Tobias Buckell takes a look at what China’s entry into the space race means for the future of Earthlings on and off this planet.
With Chinese taikanauts in orbit, many online are wondering if there will be another space race. Maybe not, but there are four strong spheres of influence developing in orbit, and each one has its own unique and cultural approach.
Japan is about to make a big decision. Previously they have tried to create their own space program, and the results have been far from impressive. JAXA, the Japanese space agency, has been beset by a number of public failures in its attempt to create a strong program. But right now Tokyo is considering whether to throw its hat in with the European Space Agency, Ukraine, Belarus, and Kazakhstan in joining Russia’s new Klipper space ship and program.
While the U.S. hasn’t launched a human into orbit in the last couple years (as China has managed two successful launches and Russia numerous), the axis of successful manned space programs has gone east. Russia’s formally overly centralized space program has reinvented itself, focusing on reliable well-tested decade’s old designs and garnering paying customers of any sort (like the US, individual people, or other nations) to help subsidize the program.
China’s technology is imitative of the Russian method, using well known and well tested designs. So far it has allowed them to leap forward quickly, and one imagines they will soon have a very similar system, although China’s use of the program is based more on the nationalistic goals and pride of the US and Russian programs decades ago.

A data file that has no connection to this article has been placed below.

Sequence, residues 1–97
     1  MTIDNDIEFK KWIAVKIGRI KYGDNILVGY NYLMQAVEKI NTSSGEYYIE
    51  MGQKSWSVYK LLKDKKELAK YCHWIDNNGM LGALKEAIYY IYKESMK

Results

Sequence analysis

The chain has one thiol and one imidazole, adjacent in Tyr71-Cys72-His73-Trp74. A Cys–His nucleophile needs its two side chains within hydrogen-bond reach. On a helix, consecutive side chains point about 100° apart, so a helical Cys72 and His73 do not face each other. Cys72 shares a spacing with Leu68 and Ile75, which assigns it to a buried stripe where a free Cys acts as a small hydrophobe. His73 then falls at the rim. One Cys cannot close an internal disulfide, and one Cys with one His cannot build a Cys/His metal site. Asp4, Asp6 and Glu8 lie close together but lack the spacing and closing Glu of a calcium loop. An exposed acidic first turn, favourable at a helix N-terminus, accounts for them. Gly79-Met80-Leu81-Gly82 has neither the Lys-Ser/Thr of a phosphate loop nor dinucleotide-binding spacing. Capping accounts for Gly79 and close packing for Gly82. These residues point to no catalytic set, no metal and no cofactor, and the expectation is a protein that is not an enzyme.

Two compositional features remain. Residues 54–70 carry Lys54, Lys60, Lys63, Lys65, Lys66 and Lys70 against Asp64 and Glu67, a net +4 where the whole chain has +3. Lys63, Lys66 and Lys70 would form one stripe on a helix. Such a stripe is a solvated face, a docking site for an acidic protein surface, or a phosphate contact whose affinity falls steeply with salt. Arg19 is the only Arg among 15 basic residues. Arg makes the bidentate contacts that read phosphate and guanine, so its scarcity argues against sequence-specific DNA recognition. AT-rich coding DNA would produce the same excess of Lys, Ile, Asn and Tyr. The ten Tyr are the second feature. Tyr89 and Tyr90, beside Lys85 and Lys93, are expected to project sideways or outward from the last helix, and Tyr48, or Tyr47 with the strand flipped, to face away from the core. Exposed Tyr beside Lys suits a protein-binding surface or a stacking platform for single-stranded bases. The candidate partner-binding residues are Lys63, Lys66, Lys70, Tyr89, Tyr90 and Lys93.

The European agency has thrown its lot in with the Russians, hoping that cheaper modules and simple designs repeated and produced in bulk will make things cheap.
The US has recently retooled its space initiative. Like the Chinese and Russians the designs are returning to a design focus of an earlier age. but despite some culture changes with Centennial Prizes that mimic the X-Prize, the close alliances with big business mean that N.A.S.A will shoulder the cost and the risk of developing a new systems set of space hardware, meaning that many of the previous risks that caused problems with N.A.S.A’s program (remember the Lockheed Martin Spaceplane project?) still lurk around the corner if the corporations working with N.A.S.A have no incentive to keep costs low once they have a guaranteed contract.
These four spheres aren’t exclusive. Russia’s consortium, China’s program, N.A.S.A and the general private space sector all at times cooperate with each other in various methods, and maybe all four methods will succeed. Competition is king. But the lines are becoming a little clearer as players line up.
It will be interesting to see which, if any, of these spheres becomes dominant.